Tips on Writing Reports and Papers
This page is an adaptation of Sonoma State University geographer Brian Baker's page. I’ve added other common student writing errors.
9/3 Do not use cover sheets in my curse... I mean, course.
Spelling, Grammar & Punctuation
9/3 It's = it is -- only used as a contraction. Its is the possessive form (e.g., "its mapping program," where its refers to an agency). Any time you use it's, see if substituting "it is" makes sense. If not, use its.
9/3 Their = a possessive pronoun. As such, it shows possession (e.g., "their cuisine," which means you are referring to someone's, maybe the Italians' cuisine). Any time you use their, see if substituting would require the use of an apostrophe. It should.
9/3 "There" is not a possessive pronoun. It does not show possession or ownership. "There" is not a contraction. It does not mean "they are."
9/3 They're = a contraction of "they are." Do not contract "they are" and you will avoid making this mistake.
9/3 The plural of
"country" is countries.
9/3 The possessive form of "country" is country's.
9/3 The possessive form of "countries" is countries'.
9/3 Use apostrophes to indicate possession.
You should always insert a comma between a city and state: Thibodaux, Louisiana.
9/3 “verity” means “truth”. If you misspell “variety” Spell-check might insert “verity” in its place and change the meaning of your sentence.
9/3 A spell check tool would not catch the common errors mentioned above. The lesson here is that you must proofread your writing before submitting it.
9/3 Capitalizing: We are not writing in German. Do not capitalize all nouns. Capitalize only proper nouns, i.e., names of specific things -- the European Union is one object, but geographic information systems and biology aren't, so don't use initial capitals.
Capitalize the word “grandmother” only if you are using I as a name: Grandmother Jones.
Do not capitalize “grandmother” if you are using it as a common noun: My grandmother can bench press 500 lbs.
9/3 “Bay Area” is the name of a place. Capitalize it.
9/3 You should not capitalize cardinal directions (east, west…) unless they occur as the first word in a sentence, or a part of a proper noun (East Biggs)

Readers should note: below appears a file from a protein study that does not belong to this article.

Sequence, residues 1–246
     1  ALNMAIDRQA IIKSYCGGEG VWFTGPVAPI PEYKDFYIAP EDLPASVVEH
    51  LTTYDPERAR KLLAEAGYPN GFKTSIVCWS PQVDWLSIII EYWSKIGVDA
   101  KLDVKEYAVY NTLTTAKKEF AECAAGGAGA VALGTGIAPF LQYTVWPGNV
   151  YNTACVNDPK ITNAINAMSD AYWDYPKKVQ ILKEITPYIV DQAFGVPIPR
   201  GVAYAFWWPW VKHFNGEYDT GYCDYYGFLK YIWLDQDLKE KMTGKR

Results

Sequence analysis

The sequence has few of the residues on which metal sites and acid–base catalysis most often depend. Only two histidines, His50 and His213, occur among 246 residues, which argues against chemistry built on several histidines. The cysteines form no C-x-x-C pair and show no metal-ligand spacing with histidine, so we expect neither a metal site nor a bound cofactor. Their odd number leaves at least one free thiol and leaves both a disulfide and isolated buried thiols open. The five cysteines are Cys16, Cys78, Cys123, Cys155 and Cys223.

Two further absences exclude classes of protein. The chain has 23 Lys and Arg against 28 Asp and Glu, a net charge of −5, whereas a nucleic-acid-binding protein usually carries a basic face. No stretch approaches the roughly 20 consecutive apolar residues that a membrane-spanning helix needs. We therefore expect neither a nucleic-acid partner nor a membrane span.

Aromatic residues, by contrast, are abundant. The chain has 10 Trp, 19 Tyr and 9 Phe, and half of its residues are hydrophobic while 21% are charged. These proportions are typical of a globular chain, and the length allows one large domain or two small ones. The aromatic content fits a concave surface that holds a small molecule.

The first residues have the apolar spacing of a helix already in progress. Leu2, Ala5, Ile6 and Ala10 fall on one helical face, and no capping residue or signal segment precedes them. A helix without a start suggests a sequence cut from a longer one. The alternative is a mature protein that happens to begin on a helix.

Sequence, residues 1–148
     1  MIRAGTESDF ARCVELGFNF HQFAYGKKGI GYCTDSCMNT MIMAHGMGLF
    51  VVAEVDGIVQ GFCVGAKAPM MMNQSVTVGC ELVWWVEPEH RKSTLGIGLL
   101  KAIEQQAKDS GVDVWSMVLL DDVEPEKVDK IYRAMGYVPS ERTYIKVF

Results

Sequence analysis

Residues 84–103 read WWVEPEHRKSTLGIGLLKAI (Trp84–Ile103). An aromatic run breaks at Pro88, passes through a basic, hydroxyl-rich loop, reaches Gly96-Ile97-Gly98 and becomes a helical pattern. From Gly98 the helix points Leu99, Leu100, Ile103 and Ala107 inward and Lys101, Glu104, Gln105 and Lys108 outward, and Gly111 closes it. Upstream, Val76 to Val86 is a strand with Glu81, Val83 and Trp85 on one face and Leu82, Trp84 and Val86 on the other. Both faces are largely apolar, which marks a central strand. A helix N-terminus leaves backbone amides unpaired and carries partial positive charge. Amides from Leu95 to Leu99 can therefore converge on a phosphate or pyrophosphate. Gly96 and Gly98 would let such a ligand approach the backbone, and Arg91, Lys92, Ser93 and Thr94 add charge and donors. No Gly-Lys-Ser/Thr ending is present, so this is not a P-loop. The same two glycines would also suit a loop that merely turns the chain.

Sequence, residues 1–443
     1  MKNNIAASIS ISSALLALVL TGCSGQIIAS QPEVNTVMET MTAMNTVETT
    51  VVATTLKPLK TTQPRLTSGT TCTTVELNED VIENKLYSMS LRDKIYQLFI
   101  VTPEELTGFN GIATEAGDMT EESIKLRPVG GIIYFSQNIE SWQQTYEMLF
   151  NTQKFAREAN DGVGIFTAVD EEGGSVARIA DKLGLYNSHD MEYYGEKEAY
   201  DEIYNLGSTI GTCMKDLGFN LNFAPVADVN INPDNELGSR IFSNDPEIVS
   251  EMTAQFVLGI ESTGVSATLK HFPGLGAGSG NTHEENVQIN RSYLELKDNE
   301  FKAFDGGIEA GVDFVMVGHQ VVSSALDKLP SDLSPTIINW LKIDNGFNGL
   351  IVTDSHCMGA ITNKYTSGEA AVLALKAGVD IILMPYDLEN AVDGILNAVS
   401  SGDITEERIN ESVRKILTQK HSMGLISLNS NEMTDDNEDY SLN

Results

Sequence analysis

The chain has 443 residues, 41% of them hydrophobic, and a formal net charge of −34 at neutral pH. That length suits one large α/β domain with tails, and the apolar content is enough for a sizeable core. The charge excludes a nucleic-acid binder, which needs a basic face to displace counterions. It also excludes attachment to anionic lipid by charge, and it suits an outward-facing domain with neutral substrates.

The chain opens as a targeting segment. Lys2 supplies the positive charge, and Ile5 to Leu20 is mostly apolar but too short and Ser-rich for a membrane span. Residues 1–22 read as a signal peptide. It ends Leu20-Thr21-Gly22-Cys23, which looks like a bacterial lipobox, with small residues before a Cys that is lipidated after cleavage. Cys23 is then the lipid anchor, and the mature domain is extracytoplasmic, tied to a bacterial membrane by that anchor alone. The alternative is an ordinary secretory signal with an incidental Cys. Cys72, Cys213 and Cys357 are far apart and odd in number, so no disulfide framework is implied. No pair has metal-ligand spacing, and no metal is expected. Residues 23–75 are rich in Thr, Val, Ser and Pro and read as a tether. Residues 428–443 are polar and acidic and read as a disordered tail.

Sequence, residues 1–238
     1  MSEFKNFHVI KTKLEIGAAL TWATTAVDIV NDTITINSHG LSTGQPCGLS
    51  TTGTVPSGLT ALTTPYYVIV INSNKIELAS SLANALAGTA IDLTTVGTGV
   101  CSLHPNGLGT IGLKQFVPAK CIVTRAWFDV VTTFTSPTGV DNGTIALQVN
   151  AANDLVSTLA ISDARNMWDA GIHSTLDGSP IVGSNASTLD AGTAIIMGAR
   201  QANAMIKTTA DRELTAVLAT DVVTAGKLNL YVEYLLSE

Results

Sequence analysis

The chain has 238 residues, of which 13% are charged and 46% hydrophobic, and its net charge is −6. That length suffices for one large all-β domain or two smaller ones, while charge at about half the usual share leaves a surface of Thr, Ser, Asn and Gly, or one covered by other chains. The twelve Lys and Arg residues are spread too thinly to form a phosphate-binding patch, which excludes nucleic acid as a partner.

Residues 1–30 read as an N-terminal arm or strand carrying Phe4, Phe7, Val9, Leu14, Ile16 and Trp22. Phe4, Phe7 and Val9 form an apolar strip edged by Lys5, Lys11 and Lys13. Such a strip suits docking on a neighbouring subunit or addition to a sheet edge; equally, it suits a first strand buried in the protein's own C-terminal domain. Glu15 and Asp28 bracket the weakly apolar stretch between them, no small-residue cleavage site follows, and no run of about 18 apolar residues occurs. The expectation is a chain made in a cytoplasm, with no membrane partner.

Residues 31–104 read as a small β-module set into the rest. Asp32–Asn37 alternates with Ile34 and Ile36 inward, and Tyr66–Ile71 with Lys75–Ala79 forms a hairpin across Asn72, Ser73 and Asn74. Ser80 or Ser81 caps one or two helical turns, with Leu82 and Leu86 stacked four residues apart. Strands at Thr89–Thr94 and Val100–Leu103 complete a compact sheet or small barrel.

9/3 Affect is a verb; effect is almost always a noun (e.g., "the effects of timber harvesting"). Effect is often used when affect should be. For example, you should write, "The location of coal deposits affected the diffusion of industrialization." Don't use effect as a verb except in the sense of "brought about" or "created", e.g., "His new personality was effected by Prozac."
9/3 http://grammar.quickanddirtytips.com/affect-versus-effect.aspx Thank you, Heidi Ogle.
9/3 Invigorate your writing by regularly referring to a dictionary or thesaurus. Most of you have a thesaurus included among your word processing program's tools. Use it! Repeated use of relatively few words makes for boring papers.
9/3 Many of you confuse “then” and “than”. “Then” refers to time or sequence. “We read many articles then we actually looked at landscapes. “Than” is used for comparison. “We liked field trips more than we liked reading articles.” Spell-check will not correct this error.
9/3 Long, complex sentences: Break these into two or more simpler sentences. Long sentences are difficult for readers to follow. Newspapers are some of the worst offenders, by the way!
9/3 Often a period is more appropriate than a comma. If you have written a sentence that includes 3 or more commas, and does not include a list of items, you should break it down into two or more sentences.
9/3 Avoid passive voice whenever possible. Example of passive: "The coal deposits were exploited by incipient industrialists." Active substitute: "Incipient industrialists exploited coal deposits."
9/3 There is (are, was, were)...: Reword sentences beginning with "there is" or “there are” whenever possible. This construction is distracting and boring. Example: "There are many different landscapes in France like bocage, forested uplands, elite, coastal fringes ..." Substitute "France includes diverse landscapes like bocage, forested uplands, elite, coastal fringes ..."
9/3 Do not write in a conversational style. If you want to have a conversation, come to office hours and we will converse.
9/3 Do not use clichés.
9/3 Do not include lengthy quotations. I want to read your words.
9/3 Organize your responses to the readings in paragraphs, not a single block of text. Often your answer to a single “question to consider” can comprise a complete paragraph.
Keys to Concision
9/3 Eliminate “in order” from your papers. For example, “In order to describe the landscape…”. Just write “To describe the landscape…”
9/3 Often you can eliminate the direct article of a noun without creating an awkward or ungrammatical sentence. “To describe the landscape…” “To describe landscape…”
9/3 Use one verb instead of two. “give indication”? Why not simply “indicate”?
9/3 “His personal belief on how the subject should be taught is that you need to start slow and build it up.”
Cut, cut and when in doubt cut some more.
9/3 “this point in time” = now
9/3 “at one time used to be” = was
9/3 “be able to” = can
9/3 “for the purpose of” = to